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4 Mar 2010   ·   56
Money Saving Mom

Free Pack of 11 Different Printable Menu Planning Forms

I don’t know about you, but menu-planning is a whole lot more enjoyable when you have a pretty and organized page to write on. So I asked Joy from FiveJs if she could whip up a few downloadable pages I could offer on my blog.

Well, after it was all said and done, she ended up doing 11 different menu-planning forms! There’s a one-week, two-week, and four-week form and different variations of each.

Download the free Menu Planning Forms Pack here and choose which form works best for you–or try them all!

2 Mar 2010   ·   114

31 Days to a Better Grocery Budget: Yes, You Need a Budget

“A budget??”

I can hear the groans right now. You were all pumped about these great new money-saving ideas you were going to learn and implement from this series; the last thing you wanted to hear about was a boring topic like budgets.

Remember how you promised me yesterday that you were going to stop making excuses and commit to change? Well, setting up a budget is your first opportunity!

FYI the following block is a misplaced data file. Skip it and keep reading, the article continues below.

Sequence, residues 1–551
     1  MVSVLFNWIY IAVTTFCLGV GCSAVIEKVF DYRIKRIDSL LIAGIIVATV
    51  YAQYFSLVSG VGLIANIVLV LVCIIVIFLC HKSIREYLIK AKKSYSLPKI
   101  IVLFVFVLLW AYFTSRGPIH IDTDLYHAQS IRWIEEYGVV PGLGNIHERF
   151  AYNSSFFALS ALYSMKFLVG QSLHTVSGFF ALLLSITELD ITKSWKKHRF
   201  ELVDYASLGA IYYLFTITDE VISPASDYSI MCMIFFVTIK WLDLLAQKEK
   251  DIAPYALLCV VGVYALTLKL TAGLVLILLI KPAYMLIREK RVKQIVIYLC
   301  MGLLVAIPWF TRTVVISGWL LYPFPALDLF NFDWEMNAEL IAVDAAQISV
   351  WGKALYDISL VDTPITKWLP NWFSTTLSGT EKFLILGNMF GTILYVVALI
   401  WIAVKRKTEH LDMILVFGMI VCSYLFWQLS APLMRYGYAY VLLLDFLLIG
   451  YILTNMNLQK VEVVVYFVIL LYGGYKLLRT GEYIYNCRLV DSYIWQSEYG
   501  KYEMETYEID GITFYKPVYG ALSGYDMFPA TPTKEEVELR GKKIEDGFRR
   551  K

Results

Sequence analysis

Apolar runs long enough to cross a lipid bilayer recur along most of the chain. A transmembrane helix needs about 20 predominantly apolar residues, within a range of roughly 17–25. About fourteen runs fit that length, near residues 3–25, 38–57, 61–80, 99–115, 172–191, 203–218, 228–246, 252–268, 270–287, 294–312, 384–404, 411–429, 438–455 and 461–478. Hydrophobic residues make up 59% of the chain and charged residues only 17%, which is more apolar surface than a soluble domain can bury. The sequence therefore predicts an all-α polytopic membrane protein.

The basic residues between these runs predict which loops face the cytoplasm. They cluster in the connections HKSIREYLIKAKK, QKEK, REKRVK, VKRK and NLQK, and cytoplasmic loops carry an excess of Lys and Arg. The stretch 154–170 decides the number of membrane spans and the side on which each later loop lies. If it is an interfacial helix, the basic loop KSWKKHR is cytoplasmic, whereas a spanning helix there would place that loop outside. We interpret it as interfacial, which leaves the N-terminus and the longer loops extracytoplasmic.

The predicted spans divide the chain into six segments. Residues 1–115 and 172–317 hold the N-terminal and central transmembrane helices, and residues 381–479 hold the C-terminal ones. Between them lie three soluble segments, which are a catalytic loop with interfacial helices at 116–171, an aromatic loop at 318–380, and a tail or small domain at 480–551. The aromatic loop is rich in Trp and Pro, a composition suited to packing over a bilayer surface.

Why You Need a Budget

Without a budget in place, all the money you save is pretty superficial. I’d go so far as to say that without a budget in place, bargain-shopping, coupon-clipping and deal-hunting are likely not going to save you any money. In fact, you might be spending more money in an effort to save money–which totally negates the savings, right?

A budget gives you the ability to track your spending and saving–and hopefully to see an increase in savings and a decrease in spending. Without a budget in place, your money will just be running through your fingers with no set objectives. A budget gives you parameters and purpose, it gives you boundaries and it gives you freedom to live creatively within those boundaries.

How to Set Up a Workable Grocery Budget

1) Average Your Grocery Spending From the Last 4-8 Weeks

How much have you spent at the grocery store over the last 4-8 weeks? Average that amount out and use it as a basis for your initial grocery budget. Ultimately, you’re likely going to want to whittle it down quite a bit–since saving money is one of the big purposes of having a grocery budget!–but now is not the time to worry about that. It’s a huge step just to start with a concrete budget in place.

2) Be Realistic

Don’t put undo pressure on yourself to come up with some crazily-low and impossible-to-stick-with figure for your grocery budget. This is not a contest or a competition and if you want to persevere and see long-lasting benefits, you’ll want to give yourself some breathing room.

3) Challenge Yourself to Slowly Lower Your Budget